North Dakota’s small and mostly rural population is ranked 46th in the nation for asbestos-related deaths. According to the Environmental Working Group (EWG), 623 North Dakota residents have died from malignant mesothelioma and other asbestos-related diseases.
North Dakota residents are less likely to face asbestos exposure when compared to some of the other states in the nation, as the state’s economy is driven primarily by farming and ranching. This is in sharp contrast to such states as California or Texas which have larger industrial-based economies. North Dakota has one of the lowest numbers of mesothelioma lawsuits in the U.S.
However, its proximity to Montana and that state’s mining activity continues to pose a threat of asbestos exposure to North Dakota residents. There is also evidence that links exposure to erionite, a mineral with properties that resemble asbestos and is widely used to pave roads and other surfaces, to malignant mesothelioma.
If you or a loved one have been diagnosed with mesothelioma, asbestos-related lung cancer, or asbestosis, you may be entitled to substantial compensation. We invite you to fill out our form today for a free Financial Compensation Packet, filled with information about top mesothelioma lawyers in North Dakota, how to get paid in 90 days, how to file an asbestos trust fund claim, and much more.
We offer assistance to all asbestos victims and their families in North Dakota, including:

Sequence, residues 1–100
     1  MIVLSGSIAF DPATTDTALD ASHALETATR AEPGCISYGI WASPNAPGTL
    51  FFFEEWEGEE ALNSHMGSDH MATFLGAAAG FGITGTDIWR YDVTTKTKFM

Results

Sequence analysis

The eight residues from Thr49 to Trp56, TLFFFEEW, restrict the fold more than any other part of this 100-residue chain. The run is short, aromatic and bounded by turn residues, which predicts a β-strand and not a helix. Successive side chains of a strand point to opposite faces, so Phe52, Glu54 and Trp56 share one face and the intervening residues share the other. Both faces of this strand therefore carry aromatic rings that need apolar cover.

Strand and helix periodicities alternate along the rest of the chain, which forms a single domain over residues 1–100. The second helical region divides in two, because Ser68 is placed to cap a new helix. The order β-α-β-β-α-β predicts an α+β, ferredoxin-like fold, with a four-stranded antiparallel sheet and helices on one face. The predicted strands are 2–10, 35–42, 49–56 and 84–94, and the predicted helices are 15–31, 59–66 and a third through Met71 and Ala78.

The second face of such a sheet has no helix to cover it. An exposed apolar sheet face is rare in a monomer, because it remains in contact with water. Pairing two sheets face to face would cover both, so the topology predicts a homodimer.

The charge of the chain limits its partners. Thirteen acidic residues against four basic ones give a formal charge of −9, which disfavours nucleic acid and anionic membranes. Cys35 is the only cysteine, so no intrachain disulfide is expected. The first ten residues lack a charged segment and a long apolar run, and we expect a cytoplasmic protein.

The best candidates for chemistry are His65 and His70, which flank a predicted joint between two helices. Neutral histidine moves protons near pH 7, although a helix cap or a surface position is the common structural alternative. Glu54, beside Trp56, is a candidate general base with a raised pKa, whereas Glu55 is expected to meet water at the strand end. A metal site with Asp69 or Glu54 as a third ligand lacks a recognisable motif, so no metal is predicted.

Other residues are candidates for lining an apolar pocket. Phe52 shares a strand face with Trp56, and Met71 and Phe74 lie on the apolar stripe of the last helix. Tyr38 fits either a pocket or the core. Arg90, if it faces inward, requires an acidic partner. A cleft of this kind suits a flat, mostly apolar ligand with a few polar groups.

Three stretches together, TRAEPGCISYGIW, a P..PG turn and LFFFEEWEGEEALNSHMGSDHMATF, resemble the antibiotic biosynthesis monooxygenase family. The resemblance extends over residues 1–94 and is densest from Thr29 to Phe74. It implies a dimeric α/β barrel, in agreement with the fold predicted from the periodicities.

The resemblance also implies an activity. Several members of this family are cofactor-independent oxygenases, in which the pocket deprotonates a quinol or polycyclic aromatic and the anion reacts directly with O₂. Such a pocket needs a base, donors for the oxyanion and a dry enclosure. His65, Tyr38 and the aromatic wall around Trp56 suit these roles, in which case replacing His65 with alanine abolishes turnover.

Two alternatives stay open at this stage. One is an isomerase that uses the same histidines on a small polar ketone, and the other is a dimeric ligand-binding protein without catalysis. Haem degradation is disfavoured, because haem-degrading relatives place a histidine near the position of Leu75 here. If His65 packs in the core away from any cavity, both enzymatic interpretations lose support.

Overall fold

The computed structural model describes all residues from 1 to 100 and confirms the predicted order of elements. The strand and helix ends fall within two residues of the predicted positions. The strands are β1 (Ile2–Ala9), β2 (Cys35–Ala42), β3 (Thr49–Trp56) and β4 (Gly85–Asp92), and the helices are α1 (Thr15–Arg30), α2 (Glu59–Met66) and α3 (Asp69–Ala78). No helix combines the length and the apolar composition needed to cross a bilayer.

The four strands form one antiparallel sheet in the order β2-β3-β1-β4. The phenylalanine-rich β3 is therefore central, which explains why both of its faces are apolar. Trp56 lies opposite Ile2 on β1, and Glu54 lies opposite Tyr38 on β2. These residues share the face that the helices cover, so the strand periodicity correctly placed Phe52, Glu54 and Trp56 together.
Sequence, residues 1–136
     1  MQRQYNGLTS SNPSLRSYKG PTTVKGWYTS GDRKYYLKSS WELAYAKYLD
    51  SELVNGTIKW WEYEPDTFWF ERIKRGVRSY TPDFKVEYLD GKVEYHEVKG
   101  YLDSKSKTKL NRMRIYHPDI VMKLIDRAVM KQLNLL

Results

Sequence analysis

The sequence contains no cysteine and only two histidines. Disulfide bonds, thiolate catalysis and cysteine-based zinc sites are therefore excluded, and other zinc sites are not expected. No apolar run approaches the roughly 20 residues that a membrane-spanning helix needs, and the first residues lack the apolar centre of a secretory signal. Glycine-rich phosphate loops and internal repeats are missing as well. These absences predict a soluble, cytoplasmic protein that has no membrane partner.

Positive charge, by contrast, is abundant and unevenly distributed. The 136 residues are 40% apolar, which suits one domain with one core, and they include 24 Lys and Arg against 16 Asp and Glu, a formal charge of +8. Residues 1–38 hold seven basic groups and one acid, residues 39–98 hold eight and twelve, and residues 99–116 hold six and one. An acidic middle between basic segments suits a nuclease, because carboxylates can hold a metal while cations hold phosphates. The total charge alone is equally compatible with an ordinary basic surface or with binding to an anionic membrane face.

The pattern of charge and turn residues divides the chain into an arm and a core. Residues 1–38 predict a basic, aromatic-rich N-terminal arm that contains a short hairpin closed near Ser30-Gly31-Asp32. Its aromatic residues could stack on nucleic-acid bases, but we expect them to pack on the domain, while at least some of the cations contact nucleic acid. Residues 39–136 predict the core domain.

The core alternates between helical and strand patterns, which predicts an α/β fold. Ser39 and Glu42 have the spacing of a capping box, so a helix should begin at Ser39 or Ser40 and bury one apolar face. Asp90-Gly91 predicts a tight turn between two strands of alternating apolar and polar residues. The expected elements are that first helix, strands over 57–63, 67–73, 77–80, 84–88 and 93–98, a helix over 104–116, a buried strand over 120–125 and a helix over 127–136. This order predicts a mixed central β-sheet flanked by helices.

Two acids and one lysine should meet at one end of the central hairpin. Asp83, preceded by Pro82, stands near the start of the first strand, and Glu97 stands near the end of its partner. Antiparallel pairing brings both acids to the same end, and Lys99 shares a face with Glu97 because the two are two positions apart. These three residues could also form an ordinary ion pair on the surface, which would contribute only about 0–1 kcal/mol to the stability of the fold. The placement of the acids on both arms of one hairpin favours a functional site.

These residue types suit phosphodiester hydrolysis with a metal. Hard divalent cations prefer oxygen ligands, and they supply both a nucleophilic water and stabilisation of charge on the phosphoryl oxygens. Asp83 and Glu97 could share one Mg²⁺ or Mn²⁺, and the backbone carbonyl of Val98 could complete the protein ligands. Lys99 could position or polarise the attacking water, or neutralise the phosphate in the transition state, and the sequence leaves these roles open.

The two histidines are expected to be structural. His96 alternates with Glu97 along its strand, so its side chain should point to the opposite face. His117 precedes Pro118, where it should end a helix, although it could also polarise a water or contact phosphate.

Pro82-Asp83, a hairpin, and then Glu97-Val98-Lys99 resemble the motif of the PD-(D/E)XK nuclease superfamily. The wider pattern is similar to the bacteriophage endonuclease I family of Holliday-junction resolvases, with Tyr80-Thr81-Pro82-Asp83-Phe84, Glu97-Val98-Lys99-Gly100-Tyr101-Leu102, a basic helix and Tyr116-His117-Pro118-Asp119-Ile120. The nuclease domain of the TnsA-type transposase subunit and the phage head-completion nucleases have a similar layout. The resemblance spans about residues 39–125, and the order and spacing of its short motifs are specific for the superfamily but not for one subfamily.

Fargo, Bismarck, Grand Forks, Minot, West Fargo, Williston, Dickinson, Mandan, Jamestown, Wahpeton, Devils Lake, Valley City, Minot AFB, Grafton, Beulah, Watford City, Lincoln, Rugby, Horace, Casselton, Grand Forks AFB, Hazen, New Town, Bottineau, Lisbon, Carrington, Stanley, Mayville, Belcourt, Oakes, Langdon, Harvey, Bowman, Hillsboro, Tioga, Garrison, New Rockford, Park River, Larimore, Ellendale, Rolla, Washburn, Crosby, Shell Valley, Fort Totten, Cavalier, Velva, Hettinger, Parshall, Cando, Surrey, Kenmare Beach, Linton, Burlington, Thompson, Wishek, Belfield, Killdeer, Walhalla, Northwood, LaMoure, Cooperstown, New Salem, Hankinson, Cannon Ball, Enderlin, Mapleton, Mohall, Dunseith, Gwinner, Drayton, Mott, Hatton, Napoleon, Mandaree, Glen, Ullin, Underwood, Ray, Harwood, Wilton, Ashley, Kindred, Hebron, Steele, Lakota, Milnor, Lidgerwood, New England, Elgin, Minto, Portland, Rolette, Turtle Lake Center, Reile’s Acres, Pembina, Towner, Edgeley, Richardton, Forman, Berthold, Green Acres, Four Bears Village, Argusville, Fessenden, and more.